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01.12.2016 | Original research | Ausgabe 1/2016 Open Access

Scandinavian Journal of Trauma, Resuscitation and Emergency Medicine 1/2016

Agreement between triage category and patient’s perception of priority in emergency departments

Scandinavian Journal of Trauma, Resuscitation and Emergency Medicine > Ausgabe 1/2016
Ghasem-Sam Toloo, Peter Aitken, Julia Crilly, Gerry FitzGerald



Patients attending hospital emergency departments (ED) commonly cite the urgency and severity of their condition as the main reason for choosing the ED. However, the patients’ perception of urgency and severity may be different to the nurses’ perception of their urgency and severity, which is underpinned by their professional experience, knowledge, training and skills. This discordance may be a cause of patient dissatisfaction. The purpose of this study is to understand the extent of agreement/disagreement between the patient’s perceived priority and actual triage category and associated factors.


A cross-sectional survey of 417 patients attending eight public hospital EDs in Queensland, Australia between March and May 2011 was conducted. The survey included patient’s perceived priority and other health-related, socio-demographic and perceptual factors. Patients’ triage category data were retrieved from their ED records and linked back to their survey data. Descriptive and multinomial logistic regression analyses were used.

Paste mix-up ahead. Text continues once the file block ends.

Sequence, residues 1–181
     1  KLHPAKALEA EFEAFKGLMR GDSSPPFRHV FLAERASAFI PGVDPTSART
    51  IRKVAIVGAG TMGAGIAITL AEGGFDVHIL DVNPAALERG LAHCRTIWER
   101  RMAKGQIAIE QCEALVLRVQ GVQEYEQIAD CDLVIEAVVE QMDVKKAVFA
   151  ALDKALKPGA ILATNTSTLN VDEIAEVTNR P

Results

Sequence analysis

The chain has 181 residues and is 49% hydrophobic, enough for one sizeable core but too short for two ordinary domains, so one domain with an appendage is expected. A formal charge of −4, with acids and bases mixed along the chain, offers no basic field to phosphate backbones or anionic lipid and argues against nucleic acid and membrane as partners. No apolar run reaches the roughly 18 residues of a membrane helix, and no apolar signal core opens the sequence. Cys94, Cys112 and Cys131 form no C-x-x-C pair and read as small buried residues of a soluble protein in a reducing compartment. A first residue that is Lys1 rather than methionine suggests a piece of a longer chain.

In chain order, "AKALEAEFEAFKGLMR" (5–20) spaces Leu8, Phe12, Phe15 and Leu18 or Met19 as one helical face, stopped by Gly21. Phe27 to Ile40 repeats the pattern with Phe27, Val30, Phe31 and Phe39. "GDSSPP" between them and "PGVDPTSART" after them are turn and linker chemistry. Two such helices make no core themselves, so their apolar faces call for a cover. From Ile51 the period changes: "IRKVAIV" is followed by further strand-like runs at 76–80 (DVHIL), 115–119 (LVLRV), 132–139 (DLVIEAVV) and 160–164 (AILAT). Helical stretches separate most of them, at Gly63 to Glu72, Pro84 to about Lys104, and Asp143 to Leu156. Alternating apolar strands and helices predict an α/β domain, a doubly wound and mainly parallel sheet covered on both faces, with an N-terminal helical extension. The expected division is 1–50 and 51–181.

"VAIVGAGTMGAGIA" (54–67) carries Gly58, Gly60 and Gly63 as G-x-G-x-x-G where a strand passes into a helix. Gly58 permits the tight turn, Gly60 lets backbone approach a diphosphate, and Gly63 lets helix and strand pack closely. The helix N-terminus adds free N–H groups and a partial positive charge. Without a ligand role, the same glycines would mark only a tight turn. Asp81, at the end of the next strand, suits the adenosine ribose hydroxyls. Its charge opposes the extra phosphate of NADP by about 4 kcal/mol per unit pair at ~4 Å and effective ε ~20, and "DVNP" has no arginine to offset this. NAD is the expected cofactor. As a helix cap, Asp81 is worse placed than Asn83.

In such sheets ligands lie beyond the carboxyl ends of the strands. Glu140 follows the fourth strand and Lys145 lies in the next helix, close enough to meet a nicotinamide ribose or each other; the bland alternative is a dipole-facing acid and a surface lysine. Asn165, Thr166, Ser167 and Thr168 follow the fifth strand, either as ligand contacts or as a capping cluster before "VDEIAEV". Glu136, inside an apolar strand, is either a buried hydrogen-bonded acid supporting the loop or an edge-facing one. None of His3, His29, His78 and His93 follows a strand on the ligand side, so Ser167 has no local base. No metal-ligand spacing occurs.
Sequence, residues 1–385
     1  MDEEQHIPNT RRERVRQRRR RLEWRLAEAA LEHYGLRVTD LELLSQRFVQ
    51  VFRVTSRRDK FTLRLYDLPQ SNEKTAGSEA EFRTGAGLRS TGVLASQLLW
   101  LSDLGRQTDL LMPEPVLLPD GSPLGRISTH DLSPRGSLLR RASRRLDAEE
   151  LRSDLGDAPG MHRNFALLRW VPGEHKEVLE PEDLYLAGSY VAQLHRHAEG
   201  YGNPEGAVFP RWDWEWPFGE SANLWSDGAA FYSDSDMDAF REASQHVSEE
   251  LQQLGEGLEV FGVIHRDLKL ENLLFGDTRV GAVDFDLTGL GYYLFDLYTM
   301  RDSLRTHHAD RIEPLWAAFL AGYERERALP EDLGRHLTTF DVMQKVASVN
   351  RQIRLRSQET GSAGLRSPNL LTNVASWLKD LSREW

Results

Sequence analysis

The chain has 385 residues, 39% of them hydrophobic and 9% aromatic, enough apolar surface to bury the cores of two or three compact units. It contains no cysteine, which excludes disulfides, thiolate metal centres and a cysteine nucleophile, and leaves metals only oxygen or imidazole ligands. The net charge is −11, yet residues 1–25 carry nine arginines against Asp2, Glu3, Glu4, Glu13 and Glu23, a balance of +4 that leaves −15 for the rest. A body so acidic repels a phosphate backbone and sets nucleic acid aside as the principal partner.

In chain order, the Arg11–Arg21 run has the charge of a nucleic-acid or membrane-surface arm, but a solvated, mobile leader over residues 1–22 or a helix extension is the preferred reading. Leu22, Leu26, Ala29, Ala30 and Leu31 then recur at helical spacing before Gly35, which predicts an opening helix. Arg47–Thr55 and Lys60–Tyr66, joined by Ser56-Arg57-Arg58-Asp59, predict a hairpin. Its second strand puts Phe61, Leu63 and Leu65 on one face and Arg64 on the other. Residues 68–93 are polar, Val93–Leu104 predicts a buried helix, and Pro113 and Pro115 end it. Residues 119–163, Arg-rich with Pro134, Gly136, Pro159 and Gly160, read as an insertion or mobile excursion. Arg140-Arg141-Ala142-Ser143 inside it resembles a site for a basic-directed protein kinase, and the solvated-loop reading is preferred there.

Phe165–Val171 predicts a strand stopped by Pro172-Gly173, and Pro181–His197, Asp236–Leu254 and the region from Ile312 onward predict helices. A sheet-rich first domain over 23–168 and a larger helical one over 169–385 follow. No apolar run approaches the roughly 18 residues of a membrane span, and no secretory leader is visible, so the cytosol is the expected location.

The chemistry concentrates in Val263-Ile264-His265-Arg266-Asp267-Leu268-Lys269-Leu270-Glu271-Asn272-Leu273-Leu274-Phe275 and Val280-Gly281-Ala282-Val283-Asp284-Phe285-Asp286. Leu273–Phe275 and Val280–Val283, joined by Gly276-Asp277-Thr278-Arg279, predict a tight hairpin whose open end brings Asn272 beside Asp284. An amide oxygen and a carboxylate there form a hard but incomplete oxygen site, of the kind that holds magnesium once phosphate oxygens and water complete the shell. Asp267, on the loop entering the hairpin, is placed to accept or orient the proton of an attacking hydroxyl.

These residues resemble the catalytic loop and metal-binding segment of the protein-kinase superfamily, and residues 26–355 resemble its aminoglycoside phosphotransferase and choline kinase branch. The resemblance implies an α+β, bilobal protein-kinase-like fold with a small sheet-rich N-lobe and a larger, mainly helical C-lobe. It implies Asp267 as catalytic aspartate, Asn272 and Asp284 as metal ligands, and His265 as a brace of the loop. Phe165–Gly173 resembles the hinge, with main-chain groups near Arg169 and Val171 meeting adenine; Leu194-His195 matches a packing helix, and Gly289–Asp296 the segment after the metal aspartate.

Over 48 % of the respondents expected to be given higher priority than the actual triage category they were assigned; 31 % had their perceived priority matched with the triage category; and 20 % of the respondents expected a lower priority than the triage category they received (Kappa 0.07, p < 0.01). Patients who expected a higher priority tended to be more frequent users (≥3 times in the past six months), and to score higher on perceived seriousness, perceived urgency, and pain score compared to the patients whose perceived priority matched the triage category or anticipated a lower priority. In the multivariate analysis, only perceived urgency remained significantly associated with expected higher priority (OR = 1.27, 95 % CI: 1.14–1.43).


Our findings clearly confirmed the discrepancy between patient perception of urgency and staff assessment of urgency. This can have important implications particularly for the patients who underrate the urgency of their condition. Improved and open communication and the incorporation of the ‘patient voice’ into the triage process require understanding the patient’s perspectives and their involvement in the decision making process.


Noted differences between patient and practitioner perception of clinical urgency were identifed in this study.
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